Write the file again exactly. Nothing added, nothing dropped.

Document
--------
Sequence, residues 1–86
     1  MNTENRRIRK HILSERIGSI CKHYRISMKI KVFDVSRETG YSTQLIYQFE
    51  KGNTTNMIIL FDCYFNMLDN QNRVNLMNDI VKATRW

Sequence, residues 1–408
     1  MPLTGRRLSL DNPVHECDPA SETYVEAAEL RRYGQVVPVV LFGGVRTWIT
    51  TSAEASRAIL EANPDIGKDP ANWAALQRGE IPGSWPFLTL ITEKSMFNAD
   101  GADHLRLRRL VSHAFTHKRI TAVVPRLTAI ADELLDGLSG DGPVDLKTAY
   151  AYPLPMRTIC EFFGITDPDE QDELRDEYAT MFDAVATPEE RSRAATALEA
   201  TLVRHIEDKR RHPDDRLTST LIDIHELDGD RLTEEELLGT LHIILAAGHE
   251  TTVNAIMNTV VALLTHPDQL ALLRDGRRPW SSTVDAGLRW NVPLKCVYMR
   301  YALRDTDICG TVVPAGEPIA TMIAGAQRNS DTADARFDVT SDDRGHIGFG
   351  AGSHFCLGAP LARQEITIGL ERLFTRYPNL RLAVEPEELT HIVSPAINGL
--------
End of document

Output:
Sequence, residues 1–86
     1  MNTENRRIRK HILSERIGSI CKHYRISMKI KVFDVSRETG YSTQLIYQFE
    51  KGNTTNMIIL FDCYFNMLDN QNRVNLMNDI VKATRW

Sequence, residues 1–408
     1  MPLTGRRLSL DNPVHECDPA SETYVEAAEL RRYGQVVPVV LFGGVRTWIT
    51  TSAEASRAIL EANPDIGKDP ANWAALQRGE IPGSWPFLTL ITEKSMFNAD
   101  GADHLRLRRL VSHAFTHKRI TAVVPRLTAI ADELLDGLSG DGPVDLKTAY
   151  AYPLPMRTIC EFFGITDPDE QDELRDEYAT MFDAVATPEE RSRAATALEA
   201  TLVRHIEDKR RHPDDRLTST LIDIHELDGD RLTEEELLGT LHIILAAGHE
   251  TTVNAIMNTV VALLTHPDQL ALLRDGRRPW SSTVDAGLRW NVPLKCVYMR
   301  YALRDTDICG TVVPAGEPIA TMIAGAQRNS DTADARFDVT SDDRGHIGFG
   351  AGSHFCLGAP LARQEITIGL ERLFTRYPNL RLAVEPEELT HIVSPAINGL